I recently received a copy of The Gluten-Free Good Health Cookbook: The Delicious Way to Strengthen Your Immune System and Neutralize Inflammation, by Annalise G Roberts and Claudia Pillow, to review here.*
It’s always interesting to review books intended to help make life easier for coeliacs, and although I don’t agree with the authors about the need to neutralise acids in the body (the science of which I’m not going to discuss here), there is a lot of good sense and helpful advice in this book.
The thesis of the book (and parts of it do read like a thesis) is that many people have lost touch with what constitutes a healthy diet, and are eating too much refined processed food, particularly foods based on wheat and sugar – and that this has an adverse effect on the immune system. The authors recommend a mixed diet using a variety of fresh foods, particularly whole foods, including seeds, vegetables, fruit and fish.
No-one would suggest that the ‘breakdown of today’s daily diet’ suggested by the book is a healthy one; 10 pieces of bread, two sodas, a chocolate bar, a hamburger and a chicken breast, butter, fries, orange juice and an apple is a long way from Five-A-Day or the standard food pyramid. And the recommended mixed diet of a variety of fruit and vegetables and a range of different proteins (including beans, nuts and fish) and grains and grasses (rice, oats, millet and quinoa, for example) is one recognised by almost everyone as the ideal.
Not that the ideal is always easy to achieve (I’ve a weakness for red wine, black coffee and dark chocolate, myself) but there are some good suggestions in the book for how to move closer to the ideal. And the authors are realistic about what is achievable – I love the idea of leaving 5% of the daily diet for ‘goodwill’ (those little extras that you want but probably shouldn’t have).
Providing instructions on how to cook various things from scratch is helpful to those who aren’t sure how to begin to cook gluten free. Examples here include:
- how to make a gluten free white sauce
- how to make a soup
- how to make gluten free gravies
- the basics of how to roast, grill, fry etc
- some recipes for gluten free flour mixes
For people who aren’t used to cooking for themselves, this is invaluable instruction. And even those of us who are accustomed to cooking from scratch at home can learn something new from each new recipe book: a demi-glace, for example, is a new term for me, and I have discovered that the brand recommended by the authors is available here in the UK, at The Good Food Network.
The recipes vary from the very simple ‘how to make scrambled eggs’ or ‘how to compose a green salad’ to ‘how to make a citrus beurre blanc’ and ‘how to steam mussels’. What the authors do well is explain clearly and simply how to do all these things, so that whatever your level of expertise, they seem achievable. We’ll definitely try some of the recipes – the butternut squash and sage risotto appeals, as does the pesto brie pizza with jalapeno peppers. And the caramelised pineapple sounds delicious!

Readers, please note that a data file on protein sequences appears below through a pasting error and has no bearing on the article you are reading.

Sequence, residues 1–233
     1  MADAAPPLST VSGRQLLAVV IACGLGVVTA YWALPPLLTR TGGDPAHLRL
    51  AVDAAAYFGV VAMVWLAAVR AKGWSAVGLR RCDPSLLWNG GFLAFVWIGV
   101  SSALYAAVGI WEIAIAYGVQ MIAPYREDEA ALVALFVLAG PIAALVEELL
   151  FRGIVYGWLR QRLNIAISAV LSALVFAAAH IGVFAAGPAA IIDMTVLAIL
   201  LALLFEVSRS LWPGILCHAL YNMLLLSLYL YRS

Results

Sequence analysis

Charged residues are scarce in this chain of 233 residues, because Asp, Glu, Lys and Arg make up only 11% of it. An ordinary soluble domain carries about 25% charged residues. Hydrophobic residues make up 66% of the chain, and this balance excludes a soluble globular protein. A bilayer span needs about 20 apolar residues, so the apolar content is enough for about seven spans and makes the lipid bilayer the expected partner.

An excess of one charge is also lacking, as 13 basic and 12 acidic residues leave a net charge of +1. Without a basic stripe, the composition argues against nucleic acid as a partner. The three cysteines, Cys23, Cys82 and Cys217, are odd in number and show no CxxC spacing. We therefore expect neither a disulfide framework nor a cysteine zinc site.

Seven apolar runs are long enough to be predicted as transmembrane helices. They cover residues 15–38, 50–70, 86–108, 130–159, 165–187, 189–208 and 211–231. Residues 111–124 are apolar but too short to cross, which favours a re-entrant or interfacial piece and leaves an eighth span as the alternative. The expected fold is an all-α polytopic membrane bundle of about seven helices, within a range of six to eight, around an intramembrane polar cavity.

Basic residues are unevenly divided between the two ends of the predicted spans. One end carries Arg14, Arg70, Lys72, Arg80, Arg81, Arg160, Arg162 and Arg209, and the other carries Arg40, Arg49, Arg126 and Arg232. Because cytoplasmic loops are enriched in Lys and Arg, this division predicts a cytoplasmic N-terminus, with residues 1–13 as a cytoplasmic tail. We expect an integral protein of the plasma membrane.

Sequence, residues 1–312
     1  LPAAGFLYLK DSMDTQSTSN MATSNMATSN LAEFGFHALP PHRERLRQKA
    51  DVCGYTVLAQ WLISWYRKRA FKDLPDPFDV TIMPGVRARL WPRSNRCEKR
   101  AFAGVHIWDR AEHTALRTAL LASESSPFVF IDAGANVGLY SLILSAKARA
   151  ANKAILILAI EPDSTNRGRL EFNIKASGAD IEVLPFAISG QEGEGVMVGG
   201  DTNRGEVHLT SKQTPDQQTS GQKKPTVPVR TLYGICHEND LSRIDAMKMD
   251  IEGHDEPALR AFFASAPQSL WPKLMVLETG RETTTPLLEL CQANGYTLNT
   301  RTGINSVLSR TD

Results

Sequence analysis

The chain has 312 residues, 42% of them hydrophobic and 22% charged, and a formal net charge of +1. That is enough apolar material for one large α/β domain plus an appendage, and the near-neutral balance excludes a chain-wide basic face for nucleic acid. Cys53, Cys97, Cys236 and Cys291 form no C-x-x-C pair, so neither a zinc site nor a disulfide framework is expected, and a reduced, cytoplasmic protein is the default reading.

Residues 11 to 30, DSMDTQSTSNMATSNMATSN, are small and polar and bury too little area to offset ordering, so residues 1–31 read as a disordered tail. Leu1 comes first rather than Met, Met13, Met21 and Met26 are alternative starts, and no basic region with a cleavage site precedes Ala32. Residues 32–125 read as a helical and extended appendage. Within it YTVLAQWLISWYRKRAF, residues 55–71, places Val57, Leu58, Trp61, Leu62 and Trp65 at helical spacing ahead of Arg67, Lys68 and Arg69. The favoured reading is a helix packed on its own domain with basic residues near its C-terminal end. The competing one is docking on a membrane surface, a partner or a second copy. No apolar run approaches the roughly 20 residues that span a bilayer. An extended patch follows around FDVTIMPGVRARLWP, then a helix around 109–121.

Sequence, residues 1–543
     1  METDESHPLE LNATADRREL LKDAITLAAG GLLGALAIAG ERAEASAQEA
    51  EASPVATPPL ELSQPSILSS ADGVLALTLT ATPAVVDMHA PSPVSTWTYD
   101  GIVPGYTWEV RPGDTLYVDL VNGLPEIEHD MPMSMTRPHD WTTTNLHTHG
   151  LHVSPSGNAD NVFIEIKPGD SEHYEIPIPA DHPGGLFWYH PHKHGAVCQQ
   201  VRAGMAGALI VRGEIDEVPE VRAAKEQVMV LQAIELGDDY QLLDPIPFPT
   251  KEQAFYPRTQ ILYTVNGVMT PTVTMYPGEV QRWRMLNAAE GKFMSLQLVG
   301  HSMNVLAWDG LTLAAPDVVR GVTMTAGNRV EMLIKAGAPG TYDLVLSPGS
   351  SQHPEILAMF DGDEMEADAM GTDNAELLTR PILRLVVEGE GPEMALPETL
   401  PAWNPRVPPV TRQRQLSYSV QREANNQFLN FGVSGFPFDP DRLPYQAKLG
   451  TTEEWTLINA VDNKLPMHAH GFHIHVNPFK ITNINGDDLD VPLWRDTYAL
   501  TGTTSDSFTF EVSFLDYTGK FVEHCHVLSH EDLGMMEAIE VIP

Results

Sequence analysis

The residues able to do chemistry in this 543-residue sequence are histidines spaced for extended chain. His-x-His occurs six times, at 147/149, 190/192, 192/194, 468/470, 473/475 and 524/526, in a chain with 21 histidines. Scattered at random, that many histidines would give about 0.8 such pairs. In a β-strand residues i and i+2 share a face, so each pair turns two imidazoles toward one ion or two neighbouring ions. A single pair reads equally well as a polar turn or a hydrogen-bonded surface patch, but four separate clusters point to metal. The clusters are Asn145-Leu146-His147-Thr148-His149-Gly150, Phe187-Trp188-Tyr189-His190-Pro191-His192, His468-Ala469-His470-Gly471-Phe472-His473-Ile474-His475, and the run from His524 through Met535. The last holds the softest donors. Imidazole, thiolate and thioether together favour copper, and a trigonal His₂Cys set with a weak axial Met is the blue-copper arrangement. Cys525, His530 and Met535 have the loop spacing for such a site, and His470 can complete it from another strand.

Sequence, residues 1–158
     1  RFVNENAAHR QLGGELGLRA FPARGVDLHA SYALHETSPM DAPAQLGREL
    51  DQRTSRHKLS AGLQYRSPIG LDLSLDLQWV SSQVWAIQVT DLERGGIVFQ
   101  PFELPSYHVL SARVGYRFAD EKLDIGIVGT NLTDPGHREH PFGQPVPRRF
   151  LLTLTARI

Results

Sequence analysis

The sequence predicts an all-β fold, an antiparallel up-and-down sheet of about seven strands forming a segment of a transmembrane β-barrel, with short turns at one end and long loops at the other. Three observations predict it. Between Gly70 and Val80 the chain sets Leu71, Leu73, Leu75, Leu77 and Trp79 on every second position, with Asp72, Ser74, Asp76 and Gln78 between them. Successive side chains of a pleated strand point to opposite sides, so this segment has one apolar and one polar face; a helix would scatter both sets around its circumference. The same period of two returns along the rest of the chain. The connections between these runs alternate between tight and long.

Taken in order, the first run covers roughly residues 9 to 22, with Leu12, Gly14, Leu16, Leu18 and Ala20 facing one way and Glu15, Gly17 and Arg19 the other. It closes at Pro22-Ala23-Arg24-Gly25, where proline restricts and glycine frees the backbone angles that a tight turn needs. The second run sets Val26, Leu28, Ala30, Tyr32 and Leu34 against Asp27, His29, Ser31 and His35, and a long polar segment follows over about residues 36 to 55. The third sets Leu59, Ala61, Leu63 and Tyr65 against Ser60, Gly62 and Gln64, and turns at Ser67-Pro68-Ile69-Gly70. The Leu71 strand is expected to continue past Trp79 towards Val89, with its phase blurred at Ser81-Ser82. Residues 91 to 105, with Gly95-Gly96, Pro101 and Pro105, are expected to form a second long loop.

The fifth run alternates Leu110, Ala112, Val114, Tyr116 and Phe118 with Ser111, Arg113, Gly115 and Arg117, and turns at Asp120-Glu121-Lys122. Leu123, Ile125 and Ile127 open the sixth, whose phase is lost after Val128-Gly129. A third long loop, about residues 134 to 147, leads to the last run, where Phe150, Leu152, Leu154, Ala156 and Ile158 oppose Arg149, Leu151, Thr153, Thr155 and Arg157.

These recipes would appeal to anyone, not just coeliacs or the gluten-intolerant (and the authors do a good job of explaining the difference). In fact, using these recipes, you could eliminate a lot of gluten from your diet without noticing. Though as we know all too well, you do have to pay very close attention to eliminate it completely!
I’m not quite sure who the intended audience is: some parts of the book are quite technical, discussing macrophages and epithelial cells, among other things (and the footnotes and appendices are still more medically technical); other parts are clearly aimed at the brand-new cook. The latter are perhaps the most useful parts of the book, and a newly diagnosed coeliac could go straight to those to get started on the diet, thinking about the science later when they feel a little more confident.
Helpfully, the authors have also included US-measures to metric-measures conversion tables at the very back (this is something I often get confused over, because the UK and US pints are different measures!). Some of the brand recommendations are US specific, some of the recommended pantry ingredients are highly specialised (bottled clam juice isn’t a standard pantry item here, but everyone will have their own pantry favourites) and some of the language is US-oriented (cilantro and zucchini, for example, are what we’d call coriander and courgettes, and I think the closest thing we have to heavy cream is double cream, though the fat contents are different) but since the book is US-oriented, this is only to be expected.
However, I’m told that the book will be distributed in the UK, Australia and New Zealand, as well as in the US, and it is available to buy at Amazon.com (or Amazon.co.uk) as well as on the Agate Publishing website.
*Disclosure: I received a review copy, and this post contains affiliate links.